The stage for ethnic cleansing of Palestinians has been set in the Occupied Territories, and ethnic cleansing is in progress. At present, this is the major project of the State of Israel. For an impartial person of medium intelligence, a tour of the Occupied Territories may be sufficient to understand this fact. The prime ethnic cleansing tool is, forever, Palestinian land grab in conjunction with settlement expansion. Various stages of annexation process are in evidence in the originally rural part of the West Bank, constituting sixty percent of its area. By now, nine percent of the West Bank land has been transferred to the direct control of the settlements [1]. A recent Peace Now investigation revealed that only twelve percent of this land is being used at all. `The state earmarks huge tracts for the settlements, out of all proportion to their size, in order to prevent Palestinian construction in those areas. Yet once an area is closed to Palestinians, the settlers begin seizing adjacent Palestinian lands, often privately owned, that lie outside their jurisdiction` [1,2]. According to B`Tselem, the Israeli human rights organization, already in 2002, 41.9% of the West Bank was assigned to the Israeli regional councils [3]. And for years, the entire rural Area C has been under administrative control of the so called `Civil Administration`, which, in close cooperation with other branches of the Israeli army and with the settlers, toils to make the life of its Palestinian residents as miserable as possible; the obvious objective being to make them leave [4,5]. More...
Submitted by: Mona Baker on Nov 27, 07 | 11:20 pm

Shalit seen as prisoner of war and bargaining chip
by Chris McGreal | The Guardian | 30 June 2006
The terminology alone reflects the gulf of views over the plight of Corporal Gilad Shalit. To Israelis, the teenage soldier was kidnapped by Palestinian terrorists and is a hostage just as much as foreigners held in Iraq. To Palestinians he is a prisoner of war - a legitimate target as a soldier in the uniform of an army that has killed dozens of civilians in the Gaza Strip in recent weeks - and a bargaining chip.
Then there is the difference of scale. In the Gaza town of Beit Hanoun, where the Israeli military dropped leaflets on Wednesday night warning its 42,000 residents that an assault was coming and to keep out of the way, they are baffled at the lengths Israel is going to over one man.

"Don't Israelis understand how many Palestinians are sitting in their prisons just for resisting the occupation?" said 60 year-old Khalil Naim, who has lost count of the number of Israeli attacks on his town in recent years. "For me, he [Cpl Shalit] is military. What was done was right. They have thousands of our prisoners in their prisons. The mistake will be if they are not behaving well with him. We want them to feed him and not hurt him." More...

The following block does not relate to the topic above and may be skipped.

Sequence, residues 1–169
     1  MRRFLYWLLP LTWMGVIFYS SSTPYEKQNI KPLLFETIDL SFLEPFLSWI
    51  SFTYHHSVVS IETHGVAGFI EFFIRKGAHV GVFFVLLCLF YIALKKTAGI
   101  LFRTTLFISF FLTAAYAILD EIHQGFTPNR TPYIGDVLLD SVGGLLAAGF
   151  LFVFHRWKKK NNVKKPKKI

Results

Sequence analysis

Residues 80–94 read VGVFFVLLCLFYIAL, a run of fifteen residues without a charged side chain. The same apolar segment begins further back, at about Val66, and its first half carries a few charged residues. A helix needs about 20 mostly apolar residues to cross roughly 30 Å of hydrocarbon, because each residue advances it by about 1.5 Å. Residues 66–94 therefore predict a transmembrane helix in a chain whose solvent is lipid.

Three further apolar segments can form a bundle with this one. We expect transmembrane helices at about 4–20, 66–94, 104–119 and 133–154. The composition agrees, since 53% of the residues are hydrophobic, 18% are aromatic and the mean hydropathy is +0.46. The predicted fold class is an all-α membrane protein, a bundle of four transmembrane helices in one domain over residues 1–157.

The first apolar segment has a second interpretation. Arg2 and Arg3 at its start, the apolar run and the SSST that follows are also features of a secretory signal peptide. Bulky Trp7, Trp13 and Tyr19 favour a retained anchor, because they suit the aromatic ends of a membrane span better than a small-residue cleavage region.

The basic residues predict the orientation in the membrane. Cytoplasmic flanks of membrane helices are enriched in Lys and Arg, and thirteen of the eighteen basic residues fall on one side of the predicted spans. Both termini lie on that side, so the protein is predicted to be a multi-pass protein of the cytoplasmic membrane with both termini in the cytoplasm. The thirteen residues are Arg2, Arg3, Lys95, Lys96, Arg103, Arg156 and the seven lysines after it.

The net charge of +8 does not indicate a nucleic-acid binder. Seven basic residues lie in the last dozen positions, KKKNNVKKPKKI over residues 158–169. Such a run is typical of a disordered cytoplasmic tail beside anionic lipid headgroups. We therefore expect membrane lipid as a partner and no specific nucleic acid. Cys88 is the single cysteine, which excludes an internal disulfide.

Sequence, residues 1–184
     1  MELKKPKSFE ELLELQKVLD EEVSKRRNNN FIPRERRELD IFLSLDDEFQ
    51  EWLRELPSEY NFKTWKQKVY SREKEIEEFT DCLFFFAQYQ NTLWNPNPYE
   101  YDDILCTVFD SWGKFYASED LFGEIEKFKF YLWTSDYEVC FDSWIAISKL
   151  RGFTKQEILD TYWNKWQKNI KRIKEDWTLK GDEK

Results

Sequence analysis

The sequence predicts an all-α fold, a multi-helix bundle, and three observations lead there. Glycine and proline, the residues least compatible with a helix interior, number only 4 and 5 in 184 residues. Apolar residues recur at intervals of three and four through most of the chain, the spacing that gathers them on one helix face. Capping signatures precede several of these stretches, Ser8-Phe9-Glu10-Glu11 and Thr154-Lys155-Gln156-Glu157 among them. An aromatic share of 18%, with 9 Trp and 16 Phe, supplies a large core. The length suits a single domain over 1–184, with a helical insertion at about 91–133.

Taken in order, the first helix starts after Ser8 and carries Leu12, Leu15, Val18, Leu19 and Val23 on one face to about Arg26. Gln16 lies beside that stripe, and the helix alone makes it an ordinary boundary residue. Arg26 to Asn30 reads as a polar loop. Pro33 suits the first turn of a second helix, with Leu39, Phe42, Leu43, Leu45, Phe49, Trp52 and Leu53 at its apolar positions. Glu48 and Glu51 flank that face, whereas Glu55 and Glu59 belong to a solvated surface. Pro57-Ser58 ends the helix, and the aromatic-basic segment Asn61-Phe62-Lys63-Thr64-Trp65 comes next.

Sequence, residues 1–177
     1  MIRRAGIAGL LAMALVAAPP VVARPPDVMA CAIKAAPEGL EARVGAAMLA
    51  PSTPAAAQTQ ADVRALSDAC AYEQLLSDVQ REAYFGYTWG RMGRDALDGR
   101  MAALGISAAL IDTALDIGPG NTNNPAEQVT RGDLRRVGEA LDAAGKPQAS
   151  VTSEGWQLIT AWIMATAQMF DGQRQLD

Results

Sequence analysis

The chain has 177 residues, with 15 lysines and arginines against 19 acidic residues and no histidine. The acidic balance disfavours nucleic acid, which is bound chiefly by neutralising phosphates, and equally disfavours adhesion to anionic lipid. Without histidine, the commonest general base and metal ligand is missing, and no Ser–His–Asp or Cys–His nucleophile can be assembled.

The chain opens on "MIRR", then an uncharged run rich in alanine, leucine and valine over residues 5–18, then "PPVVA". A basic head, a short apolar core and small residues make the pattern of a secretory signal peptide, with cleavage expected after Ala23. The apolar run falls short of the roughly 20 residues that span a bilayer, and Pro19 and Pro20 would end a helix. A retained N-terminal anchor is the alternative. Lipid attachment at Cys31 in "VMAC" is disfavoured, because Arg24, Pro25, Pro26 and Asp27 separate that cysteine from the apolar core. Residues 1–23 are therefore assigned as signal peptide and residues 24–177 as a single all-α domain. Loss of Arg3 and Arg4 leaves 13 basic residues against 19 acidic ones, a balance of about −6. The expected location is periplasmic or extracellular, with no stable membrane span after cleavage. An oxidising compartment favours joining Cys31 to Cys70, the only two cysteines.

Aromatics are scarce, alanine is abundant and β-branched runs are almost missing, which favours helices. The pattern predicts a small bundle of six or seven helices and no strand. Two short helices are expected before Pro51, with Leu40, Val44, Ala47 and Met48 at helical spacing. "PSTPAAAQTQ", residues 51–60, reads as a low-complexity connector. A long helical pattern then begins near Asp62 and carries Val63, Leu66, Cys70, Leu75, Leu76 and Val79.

Submitted by: Mona Baker on Jul 01, 06 | 10:17 am

Israel Confesses to its Crimes
by ? | Times of Oman | October 16, 2005
LAST week, the mass media discussed the proposal of the Military Prosecution Authority of the Israeli Army on the need to change names of senior officers and pilots to false ones when they set out on missions abroad, lest some European countries arrest them on the charges of committing massacres and war crimes. More...
Submitted by: LDavidson on Oct 17, 05 | 10:10 pm

Two-thirds of Israelis against more pullouts
by ? | Agence France Presse | October 14, 2005
More than two-thirds of Israelis are against any more pullouts from the West Bank until a final peace agreement with the Palestinians.
Submitted by: LDavidson on Oct 15, 05 | 1:52 pm

The house that became a war zone
by Chris McGreal | 4 October 2005 | The Guardian
The first soldiers to arrive on Khalil Bashir's doorstep in Gaza five years ago explained the new geography of his home in terms he understood only too well. His three-storey house was to be like the West Bank, the Israeli officer said, with its areas of divided security and administrative control.

The army designated the living room as "Area A", after the part of the occupied territories where the Palestinians have control, and told all three generations of the Bashirs, from 81-year-old Zanah to her five-year-old granddaughter, that they were confined there for most nights and sometimes for much of the day. It was the only part of the house they could still call their own.

The bathroom, kitchen and bedrooms were "Area B", where Palestinians administer themselves but Israel has security control. In the Bashir home that meant soldiers had priority and the family had to ask permission to cook or go to the toilet.

And then came "Area C", where the Israeli military government runs everything and the Palestinians have no authority. The soldiers warned the Bashirs that all of their home above the ground floor was Area C and if they ventured up the stairs they would be shot.

The Israeli army then set up a machine gun post on the terraced roof facing into Gaza's Deir al-Balah neighbourhood, surrounded it with sandbags, barbed wire and camouflage netting, and took over the lives of Khalil and Suad Bashir and their eight children. More...
Submitted by: Mona Baker on Oct 05, 05 | 1:38 pm